Over time technological advances were made to brass instruments. Pistons, slides and valves were added, which in effect shorten or increase the basic overall length of tubing, allowing a different version of the harmonic series to be accessed quickly. Notation methods did not quickly follow this change however, and the practice of notating brass parts with no key signature lasted until even the 20th century!

What this all means for you as a music theory exam candidate is that:

  • The absence of a key signature in a brass part does not signify anything special, it simply means they didn’t write it in.
  • To find out what key a score is in, look at an instrument such as the flute, oboe, violin or piano. Do not use a brass part for this purpose!
  • You may come across brass instrument parts for instruments pitched in a wide variety of keys. The modern trumpet is pitched in Bb, but parts in orchestral scores might feature instruments pitched in A, D or C, for example. French horn parts in Bb, E or C may also be seen.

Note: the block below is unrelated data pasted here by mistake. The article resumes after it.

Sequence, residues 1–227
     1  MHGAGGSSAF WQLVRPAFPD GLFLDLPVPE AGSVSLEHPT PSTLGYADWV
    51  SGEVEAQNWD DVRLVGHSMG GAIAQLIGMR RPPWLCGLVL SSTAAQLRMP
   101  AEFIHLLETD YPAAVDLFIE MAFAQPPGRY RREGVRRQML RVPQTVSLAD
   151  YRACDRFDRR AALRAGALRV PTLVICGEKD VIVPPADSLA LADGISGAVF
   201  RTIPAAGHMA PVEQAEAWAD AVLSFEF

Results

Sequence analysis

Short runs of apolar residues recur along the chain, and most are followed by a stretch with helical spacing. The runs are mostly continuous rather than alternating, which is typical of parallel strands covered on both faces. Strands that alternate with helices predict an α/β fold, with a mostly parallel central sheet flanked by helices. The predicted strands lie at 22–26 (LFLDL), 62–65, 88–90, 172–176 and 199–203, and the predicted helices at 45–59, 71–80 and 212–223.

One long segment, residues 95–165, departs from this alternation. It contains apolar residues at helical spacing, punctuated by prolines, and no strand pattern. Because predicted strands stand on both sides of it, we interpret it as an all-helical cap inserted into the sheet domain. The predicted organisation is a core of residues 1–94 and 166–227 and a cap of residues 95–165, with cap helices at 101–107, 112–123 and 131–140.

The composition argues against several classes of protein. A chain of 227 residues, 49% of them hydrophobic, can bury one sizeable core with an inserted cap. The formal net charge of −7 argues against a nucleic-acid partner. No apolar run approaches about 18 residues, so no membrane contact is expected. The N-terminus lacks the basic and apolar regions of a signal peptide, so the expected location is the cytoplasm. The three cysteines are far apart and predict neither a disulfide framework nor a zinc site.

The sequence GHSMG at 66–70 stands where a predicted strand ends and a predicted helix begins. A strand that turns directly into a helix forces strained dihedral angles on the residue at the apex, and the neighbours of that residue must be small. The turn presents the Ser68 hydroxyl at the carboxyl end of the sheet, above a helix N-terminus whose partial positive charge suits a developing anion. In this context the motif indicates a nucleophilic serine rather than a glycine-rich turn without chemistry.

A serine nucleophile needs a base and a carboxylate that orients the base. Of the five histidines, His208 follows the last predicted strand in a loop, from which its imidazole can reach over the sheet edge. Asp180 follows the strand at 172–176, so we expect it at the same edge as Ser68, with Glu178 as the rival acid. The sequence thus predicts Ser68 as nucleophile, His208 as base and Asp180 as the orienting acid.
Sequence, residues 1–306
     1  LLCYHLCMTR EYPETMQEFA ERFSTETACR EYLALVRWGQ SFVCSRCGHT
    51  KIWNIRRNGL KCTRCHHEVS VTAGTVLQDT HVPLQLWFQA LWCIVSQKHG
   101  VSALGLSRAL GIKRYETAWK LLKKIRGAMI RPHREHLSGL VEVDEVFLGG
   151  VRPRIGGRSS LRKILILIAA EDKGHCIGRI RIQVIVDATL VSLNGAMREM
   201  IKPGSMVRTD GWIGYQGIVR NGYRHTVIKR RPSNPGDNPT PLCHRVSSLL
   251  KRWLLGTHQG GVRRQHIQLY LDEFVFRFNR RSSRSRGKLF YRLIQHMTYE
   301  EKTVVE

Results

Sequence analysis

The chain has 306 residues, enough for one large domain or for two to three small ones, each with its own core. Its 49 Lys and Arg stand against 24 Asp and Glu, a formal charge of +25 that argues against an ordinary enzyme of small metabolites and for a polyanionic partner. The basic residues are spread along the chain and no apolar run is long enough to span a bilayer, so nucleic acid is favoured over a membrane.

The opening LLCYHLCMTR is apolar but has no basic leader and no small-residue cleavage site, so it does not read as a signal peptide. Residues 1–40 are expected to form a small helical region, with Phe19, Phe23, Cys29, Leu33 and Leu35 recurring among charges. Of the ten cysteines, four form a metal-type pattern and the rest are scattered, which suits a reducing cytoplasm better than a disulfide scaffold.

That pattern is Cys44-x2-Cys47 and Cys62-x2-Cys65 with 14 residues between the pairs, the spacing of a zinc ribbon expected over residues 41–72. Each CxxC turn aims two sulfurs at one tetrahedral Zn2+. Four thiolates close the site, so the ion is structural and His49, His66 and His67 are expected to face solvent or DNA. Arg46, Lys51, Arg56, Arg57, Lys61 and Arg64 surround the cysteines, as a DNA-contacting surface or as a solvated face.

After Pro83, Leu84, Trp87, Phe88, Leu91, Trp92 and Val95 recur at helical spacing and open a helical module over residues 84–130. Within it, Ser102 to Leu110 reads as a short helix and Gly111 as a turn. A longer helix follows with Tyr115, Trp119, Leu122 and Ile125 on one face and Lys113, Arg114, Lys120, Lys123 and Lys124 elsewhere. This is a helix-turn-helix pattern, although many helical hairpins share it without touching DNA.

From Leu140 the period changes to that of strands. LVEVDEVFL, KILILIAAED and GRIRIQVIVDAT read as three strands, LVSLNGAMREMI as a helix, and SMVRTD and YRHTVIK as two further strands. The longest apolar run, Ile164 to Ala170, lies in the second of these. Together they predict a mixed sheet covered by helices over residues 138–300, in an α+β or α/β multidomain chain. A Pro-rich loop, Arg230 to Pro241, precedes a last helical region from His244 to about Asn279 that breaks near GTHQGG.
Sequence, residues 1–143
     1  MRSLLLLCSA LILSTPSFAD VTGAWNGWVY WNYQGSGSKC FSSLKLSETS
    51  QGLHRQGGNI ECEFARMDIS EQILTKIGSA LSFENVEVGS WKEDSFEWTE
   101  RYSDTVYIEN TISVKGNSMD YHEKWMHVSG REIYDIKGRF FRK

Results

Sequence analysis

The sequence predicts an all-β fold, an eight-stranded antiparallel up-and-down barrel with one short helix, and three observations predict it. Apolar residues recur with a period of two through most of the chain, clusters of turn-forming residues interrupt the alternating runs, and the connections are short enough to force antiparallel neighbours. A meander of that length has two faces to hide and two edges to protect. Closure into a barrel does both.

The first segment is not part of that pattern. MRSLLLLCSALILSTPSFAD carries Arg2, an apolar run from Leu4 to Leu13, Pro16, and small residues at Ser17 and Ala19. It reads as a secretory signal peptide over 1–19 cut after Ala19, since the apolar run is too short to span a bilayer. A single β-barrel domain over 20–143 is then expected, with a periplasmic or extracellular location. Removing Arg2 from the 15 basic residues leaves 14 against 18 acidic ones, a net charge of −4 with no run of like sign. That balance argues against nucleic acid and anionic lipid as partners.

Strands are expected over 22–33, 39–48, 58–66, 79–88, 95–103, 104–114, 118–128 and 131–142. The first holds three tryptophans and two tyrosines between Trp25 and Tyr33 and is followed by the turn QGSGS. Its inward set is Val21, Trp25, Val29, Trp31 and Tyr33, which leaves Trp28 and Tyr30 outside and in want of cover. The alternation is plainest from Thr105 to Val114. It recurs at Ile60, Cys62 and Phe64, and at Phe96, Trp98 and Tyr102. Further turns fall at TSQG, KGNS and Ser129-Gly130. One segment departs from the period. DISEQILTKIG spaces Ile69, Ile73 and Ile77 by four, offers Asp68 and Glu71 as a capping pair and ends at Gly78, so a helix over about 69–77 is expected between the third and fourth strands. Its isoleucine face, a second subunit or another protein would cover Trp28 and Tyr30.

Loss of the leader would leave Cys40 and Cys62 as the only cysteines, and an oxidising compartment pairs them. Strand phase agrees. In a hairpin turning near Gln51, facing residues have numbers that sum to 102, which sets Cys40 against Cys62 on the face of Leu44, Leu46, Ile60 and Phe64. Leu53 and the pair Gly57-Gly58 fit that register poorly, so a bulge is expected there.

• To know which direction (up or down) you should transpose into concert pitch, consider the pitch of the instrument in relation to C. Instruments generally transpose down into concert pitch, but those which are up to a major third above C transpose upwards, i.e. those pitched in D, E or Eb.

 

Tips for Transposing

Although you are likely to be an old-hand at transposition questions if you are coming from the earlier ABRSM grades, you will find that the questions in the grade 8 paper have been made slightly more complicated in some way. Apart from involving some of the less common instruments, you may be asked to do a transposition which:

  • is into the “wrong” clef e.g. put a clarinet part into the bass clef, or a cor Anglais part into the alto clef.
  • uses the “wrong” key signature e.g. the key signature is an enharmonic equivalent (Gb instead of F#, for example), or simply different (common in atonal music)
  • is out of instead of into concert pitch (read the question carefully!) This scenario happens for example, if a natural (C) trumpet part should be rewritten for a modern (Bb) instrument.
  • asks you to also work out the new key signature